How to make Ragi Semiya Upma

Here’s how to go about it.

Ingredients (serves about 4):

1. 1 pack of ragi vermicelli, about 180 grams

2. 2 medium-sized onions

3. 2-3 green chillies

4. 2 sprigs of curry leaves

5. 3/4 tablespoon oil

6. 3/4 teaspoon mustard seeds

7. 2 pinches of asafoetida

8. Salt to taste

9. 2 tablespoons fresh grated coconut

10. 2 tablespoons finely chopped coriander

11. Juice of 1 small lemon or to taste


Top left, centre and right: Steps 1, 2 and 3, Bottom left: Step 4, Bottom centre and right: Step 5

1. Take the ragi vermicelli in a large vessel. Add in enough cold water to cover it completely. Let it soak for 3 minutes.

2. Once the vermicelli is done soaking, transfer it to a colander. Let all the water drain out.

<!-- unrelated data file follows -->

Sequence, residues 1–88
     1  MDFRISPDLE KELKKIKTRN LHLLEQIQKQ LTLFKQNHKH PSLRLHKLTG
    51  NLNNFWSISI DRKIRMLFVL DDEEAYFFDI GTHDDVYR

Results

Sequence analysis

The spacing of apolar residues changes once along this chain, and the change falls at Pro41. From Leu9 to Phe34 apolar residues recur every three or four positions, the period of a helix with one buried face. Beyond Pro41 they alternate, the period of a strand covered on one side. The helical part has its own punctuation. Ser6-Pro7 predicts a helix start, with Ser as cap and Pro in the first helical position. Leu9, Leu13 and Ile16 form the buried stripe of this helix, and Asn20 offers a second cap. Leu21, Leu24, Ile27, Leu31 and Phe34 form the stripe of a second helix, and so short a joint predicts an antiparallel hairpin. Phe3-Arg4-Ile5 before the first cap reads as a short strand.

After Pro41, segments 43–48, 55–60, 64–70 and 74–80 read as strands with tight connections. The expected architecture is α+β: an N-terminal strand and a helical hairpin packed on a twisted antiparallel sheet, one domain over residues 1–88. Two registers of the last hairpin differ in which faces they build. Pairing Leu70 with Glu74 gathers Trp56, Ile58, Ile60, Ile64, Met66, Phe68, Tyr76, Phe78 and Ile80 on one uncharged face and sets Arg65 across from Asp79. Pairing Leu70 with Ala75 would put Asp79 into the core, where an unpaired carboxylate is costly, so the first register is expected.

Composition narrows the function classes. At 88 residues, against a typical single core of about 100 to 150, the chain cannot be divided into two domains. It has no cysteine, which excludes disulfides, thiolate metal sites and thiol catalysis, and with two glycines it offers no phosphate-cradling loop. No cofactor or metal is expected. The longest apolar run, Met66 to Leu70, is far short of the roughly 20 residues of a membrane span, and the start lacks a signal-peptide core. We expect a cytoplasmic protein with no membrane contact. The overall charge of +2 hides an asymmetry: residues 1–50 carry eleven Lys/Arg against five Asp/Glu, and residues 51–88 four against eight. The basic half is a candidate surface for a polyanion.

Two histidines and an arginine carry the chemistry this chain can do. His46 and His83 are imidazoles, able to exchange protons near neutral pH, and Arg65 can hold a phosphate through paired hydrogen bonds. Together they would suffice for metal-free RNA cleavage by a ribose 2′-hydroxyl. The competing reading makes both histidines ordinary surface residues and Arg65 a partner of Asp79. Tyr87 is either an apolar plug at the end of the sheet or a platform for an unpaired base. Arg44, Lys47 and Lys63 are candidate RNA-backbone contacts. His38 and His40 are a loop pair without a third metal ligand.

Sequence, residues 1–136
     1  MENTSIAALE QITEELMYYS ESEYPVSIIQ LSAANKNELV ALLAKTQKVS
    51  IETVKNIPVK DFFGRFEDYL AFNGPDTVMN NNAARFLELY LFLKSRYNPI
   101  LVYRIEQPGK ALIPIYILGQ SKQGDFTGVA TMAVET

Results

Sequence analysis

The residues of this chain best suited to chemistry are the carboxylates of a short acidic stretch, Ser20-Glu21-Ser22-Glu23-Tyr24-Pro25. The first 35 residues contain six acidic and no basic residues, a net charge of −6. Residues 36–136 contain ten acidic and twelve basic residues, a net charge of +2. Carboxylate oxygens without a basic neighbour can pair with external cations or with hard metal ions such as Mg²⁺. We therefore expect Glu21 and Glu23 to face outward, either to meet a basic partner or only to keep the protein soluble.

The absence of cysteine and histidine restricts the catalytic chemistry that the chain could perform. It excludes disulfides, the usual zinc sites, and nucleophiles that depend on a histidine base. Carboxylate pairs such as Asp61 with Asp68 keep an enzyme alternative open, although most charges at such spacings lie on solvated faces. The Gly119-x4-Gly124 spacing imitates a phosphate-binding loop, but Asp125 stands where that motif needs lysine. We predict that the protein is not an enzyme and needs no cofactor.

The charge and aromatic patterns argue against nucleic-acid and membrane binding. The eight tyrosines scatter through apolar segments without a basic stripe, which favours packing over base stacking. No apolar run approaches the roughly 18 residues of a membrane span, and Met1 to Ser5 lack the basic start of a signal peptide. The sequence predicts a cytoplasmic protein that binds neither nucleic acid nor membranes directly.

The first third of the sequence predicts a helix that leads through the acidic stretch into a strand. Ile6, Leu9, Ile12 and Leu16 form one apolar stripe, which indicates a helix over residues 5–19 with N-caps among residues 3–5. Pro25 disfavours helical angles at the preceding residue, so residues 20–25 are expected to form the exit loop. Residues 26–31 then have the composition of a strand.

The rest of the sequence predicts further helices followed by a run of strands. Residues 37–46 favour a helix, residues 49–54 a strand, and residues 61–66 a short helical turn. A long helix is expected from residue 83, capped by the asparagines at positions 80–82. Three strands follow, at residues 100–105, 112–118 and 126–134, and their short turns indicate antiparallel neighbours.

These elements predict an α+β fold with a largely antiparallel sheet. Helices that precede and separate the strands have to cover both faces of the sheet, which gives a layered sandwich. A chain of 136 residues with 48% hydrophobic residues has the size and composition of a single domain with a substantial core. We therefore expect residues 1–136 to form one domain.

3. Take water in a steamer and set it on high flame. Grease the steamer plate and keep it ready.

4. In the meantime, peel the onions and chop them finely. Slit the green chillies length-wise. Keep the curry leaves handy.

5. When the water in the steamer has come to a rolling boil, keep the greased plate inside. Spread the drained ragi vermicelli evenly over the plate. Close the steamer. Let the vermicelli steam on high flame for 5 minutes, then switch off gas.

Top left and centre: Steps 6 and 7, Top right and bottom left: Step 8, Bottom centre and right: Steps 9 and 10

6. After 5 minutes, remove the steamed vermicelli and allow it to cool. When it has cooled down enough for you to touch comfortably, gently fluff it up with your hands.

7. Now, we will start preparing the Ragi Semiya Upma. Heat the oil in a pan. Add in the mustard seeds, and let them sputter. Add in the asafoetida and curry leaves. Let them stay in for a couple of seconds.

8. Add in the chopped onion at this stage. Turn the flame down to medium. Saute for 2-3 minutes or till the onions are cooked.